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The 1962 Tanganyika Laughter Epidemic Closed Down Schools and Paralyzed Communities

Laughter isn’t always the best medicine.






It is said that laughter is the best medicine. Who could argue with that? But when laughter becomes hysterical and uncontrollable, it develops into a problem so colossal that it can paralyze an entire community, much like what happened in the laughter epidemic in Tanganyika in 1962. Tanganyika is now part of modern-day Tanzania.

The mystifying laughter epidemic began with a giggle between two school girls in the village of Kashasha. This seemingly innocent laugh quickly spread throughout the school and affected 95 out the 159 students. The contagious and odd phenomenon then spread to 14 more schools, affecting approximately 1,000 pupils in total. The teachers were not affected, though. But because the laughter made teaching impossible, schools were forced to close down.

The laughter epidemic spread like wildfire.


Source: suelevy

Dr. Christian F. Hempelmann of Texas A&M University – Commerce conducted research about this strange occurrence. In an interview published by the Chicago Tribune, he stated:

It started in a little boarding school in the village of Kashasha in what is now Tanzania, Africa. There was an initial event of laughter by a small group of students, possibly due to a joke. Eventually, the whole school was affected by the laughter by contagion. People take this at face value. One person laughs, then another person laughs, then it spreads like an avalanche. So when parents picked up their children from school, they started laughing. Then it spread to other villages, and so on. And depending on where you read about it, the laughing epidemic lasted for anywhere from six months to a year-and-a-half. The original report on the event has been misquoted and exaggerated.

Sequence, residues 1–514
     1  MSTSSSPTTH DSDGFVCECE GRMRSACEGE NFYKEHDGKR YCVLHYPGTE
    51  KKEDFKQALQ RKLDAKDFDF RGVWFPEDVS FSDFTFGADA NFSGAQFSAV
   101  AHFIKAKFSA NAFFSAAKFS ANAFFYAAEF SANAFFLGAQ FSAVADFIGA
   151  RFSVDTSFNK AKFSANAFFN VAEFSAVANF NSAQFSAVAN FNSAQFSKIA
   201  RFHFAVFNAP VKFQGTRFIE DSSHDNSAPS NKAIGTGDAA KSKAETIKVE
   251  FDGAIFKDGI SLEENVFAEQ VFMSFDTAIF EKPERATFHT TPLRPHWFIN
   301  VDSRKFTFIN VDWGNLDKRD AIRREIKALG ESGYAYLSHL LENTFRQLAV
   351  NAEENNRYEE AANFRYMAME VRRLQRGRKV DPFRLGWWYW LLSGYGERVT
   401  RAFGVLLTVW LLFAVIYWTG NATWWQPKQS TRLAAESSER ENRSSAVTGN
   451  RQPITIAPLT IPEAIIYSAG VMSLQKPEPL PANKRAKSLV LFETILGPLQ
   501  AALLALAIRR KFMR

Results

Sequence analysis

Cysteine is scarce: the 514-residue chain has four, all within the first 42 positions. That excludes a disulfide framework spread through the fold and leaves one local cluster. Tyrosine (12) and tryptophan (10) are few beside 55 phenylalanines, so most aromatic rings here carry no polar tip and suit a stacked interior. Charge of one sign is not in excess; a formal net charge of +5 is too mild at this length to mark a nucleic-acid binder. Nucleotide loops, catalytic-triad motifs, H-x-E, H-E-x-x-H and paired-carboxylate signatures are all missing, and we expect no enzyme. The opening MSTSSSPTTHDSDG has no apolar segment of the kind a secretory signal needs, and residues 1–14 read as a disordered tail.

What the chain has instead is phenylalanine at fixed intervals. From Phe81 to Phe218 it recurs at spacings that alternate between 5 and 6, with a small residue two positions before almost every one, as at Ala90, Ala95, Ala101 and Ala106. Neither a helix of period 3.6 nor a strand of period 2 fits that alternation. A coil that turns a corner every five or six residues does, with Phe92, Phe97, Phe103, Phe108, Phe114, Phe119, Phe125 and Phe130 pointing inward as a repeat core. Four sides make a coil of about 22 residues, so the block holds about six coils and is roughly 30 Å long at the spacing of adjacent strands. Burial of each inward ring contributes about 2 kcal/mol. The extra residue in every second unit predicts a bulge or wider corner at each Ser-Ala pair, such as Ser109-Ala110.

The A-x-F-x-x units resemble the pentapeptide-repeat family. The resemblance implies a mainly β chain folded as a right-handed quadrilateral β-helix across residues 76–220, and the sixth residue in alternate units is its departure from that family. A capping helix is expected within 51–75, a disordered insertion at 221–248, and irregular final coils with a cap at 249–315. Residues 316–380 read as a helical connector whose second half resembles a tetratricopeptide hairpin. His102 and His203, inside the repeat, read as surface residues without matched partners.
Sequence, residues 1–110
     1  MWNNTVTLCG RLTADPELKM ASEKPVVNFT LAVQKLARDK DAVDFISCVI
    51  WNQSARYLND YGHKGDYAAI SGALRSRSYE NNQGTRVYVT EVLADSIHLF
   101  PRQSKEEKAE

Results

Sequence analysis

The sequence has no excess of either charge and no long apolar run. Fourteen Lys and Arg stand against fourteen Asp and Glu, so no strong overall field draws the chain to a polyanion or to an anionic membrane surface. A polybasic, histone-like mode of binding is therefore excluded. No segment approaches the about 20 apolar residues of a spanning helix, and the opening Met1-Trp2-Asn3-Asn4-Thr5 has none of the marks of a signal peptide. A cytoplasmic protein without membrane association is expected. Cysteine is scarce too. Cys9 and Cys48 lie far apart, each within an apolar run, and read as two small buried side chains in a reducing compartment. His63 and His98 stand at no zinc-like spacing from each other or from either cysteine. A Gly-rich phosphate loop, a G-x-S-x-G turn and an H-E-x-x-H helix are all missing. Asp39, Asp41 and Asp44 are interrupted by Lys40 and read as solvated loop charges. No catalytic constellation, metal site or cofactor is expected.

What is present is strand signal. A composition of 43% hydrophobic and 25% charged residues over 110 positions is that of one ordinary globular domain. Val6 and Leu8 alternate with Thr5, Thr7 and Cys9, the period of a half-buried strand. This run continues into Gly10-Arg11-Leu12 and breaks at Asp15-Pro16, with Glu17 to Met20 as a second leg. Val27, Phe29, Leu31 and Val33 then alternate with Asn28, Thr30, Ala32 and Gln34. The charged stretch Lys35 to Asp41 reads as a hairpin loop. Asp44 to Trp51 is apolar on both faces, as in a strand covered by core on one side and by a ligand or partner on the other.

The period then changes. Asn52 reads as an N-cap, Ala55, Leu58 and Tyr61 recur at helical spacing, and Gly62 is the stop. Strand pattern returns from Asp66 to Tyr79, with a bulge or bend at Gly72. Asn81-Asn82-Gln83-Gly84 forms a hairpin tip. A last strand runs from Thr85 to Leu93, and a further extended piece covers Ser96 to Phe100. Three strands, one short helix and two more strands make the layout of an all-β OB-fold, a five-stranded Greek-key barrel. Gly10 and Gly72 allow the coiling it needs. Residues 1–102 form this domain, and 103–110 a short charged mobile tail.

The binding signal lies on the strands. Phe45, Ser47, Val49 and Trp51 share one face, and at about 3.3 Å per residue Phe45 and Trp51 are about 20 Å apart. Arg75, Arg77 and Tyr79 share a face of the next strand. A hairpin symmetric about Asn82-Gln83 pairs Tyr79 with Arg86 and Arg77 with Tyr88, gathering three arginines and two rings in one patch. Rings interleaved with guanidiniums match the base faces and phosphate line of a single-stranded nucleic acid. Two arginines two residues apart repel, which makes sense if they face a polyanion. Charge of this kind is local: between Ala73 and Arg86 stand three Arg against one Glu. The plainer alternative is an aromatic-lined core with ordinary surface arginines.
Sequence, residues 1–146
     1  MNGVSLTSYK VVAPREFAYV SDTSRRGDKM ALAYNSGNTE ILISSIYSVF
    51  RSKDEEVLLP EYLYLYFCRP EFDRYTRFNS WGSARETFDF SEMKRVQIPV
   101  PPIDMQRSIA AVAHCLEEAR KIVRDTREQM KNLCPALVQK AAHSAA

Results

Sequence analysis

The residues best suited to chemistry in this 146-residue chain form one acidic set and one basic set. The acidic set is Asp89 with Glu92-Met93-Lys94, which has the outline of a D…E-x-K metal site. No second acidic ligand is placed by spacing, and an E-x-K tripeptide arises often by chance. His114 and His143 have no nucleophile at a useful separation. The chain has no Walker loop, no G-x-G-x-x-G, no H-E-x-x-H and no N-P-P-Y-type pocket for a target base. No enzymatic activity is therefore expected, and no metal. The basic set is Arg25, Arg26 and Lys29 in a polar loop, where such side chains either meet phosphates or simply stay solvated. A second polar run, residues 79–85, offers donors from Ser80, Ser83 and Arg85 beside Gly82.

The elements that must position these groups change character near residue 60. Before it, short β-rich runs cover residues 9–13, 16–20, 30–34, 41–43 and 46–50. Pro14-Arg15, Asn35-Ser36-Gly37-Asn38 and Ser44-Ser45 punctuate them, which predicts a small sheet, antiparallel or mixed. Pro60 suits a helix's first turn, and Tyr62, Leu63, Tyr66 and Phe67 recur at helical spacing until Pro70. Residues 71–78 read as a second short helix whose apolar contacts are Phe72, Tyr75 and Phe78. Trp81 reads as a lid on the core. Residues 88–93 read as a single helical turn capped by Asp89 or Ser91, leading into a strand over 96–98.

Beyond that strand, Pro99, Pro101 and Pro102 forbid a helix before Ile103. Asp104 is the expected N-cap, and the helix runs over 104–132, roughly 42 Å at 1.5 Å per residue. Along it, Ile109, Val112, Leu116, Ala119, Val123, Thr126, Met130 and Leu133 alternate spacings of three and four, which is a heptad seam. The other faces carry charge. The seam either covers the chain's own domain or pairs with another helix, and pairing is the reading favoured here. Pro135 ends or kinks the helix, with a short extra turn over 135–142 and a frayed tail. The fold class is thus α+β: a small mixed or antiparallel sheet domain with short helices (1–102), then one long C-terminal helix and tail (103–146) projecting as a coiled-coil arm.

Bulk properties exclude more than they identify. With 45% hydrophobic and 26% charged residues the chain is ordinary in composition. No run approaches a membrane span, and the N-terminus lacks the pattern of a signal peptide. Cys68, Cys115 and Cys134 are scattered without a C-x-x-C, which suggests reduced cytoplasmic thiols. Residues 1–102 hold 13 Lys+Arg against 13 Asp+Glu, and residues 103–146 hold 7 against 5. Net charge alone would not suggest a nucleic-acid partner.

But people did not laugh continuously for a year and a half – that is just physiologically impossible. One can only laugh for about 20 seconds before it puts a strain on respiration and starts to hurt.

That being said, Hempelmann stated that the laughter that the people experienced was not constant and that it was only among the myriad of symptoms that the affected individuals experienced. Anxiety-related symptoms including pain, respiratory problems, fainting, rashes and crying were present.

Laughter was among the myriad of anxiety-related symptoms experienced by the affected individuals.


Source: ngjyra

So what actually happened? Hempelmann explains that:

It’s called mass hysteria. This is when a certain behavior is observed in a group of people that is not related to a certain environmental stimulus. There is no specific cause.

Now we call it Mass Psychogenic Illness (MPI). It’s psychogenic, meaning it is all in the minds of the people who showed the symptoms. It’s not caused by an element in the environment, like food poisoning or a toxin. There is an underlying shared stress factor in the population. It usually occurs in a group of people who don’t have a lot of power. MPI is a last resort for people of a low status. It’s an easy way for them to express that something is wrong. That may be why it has come to be associated more often with women.

The reoccurrence of the laughter epidemic is not ruled out and may happen again in the future.

Watch this short video clip about the laughter epidemic:

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The battle for Manila was the first and fiercest urban fighting in the entire Pacific War.

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Caution: Distressing images ahead.

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Here are 29 grim photos that tell shocking stories.

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This Nazis Belt Buckle is Actually a Hidden Deadly Weapon

A simple accessory can become deadly – especially if it is something made for the Nazis.




The Nazis’ capability to incite fear and horror especially among those they hunted and tortured even after the movement has been wiped out can be quite surprising as it is terrifying. Their presence is still felt by many in simple yet questionable technologies that have been rumored to be linked to the fascist National Socialist German Workers' Party led by Adolf Hitler.

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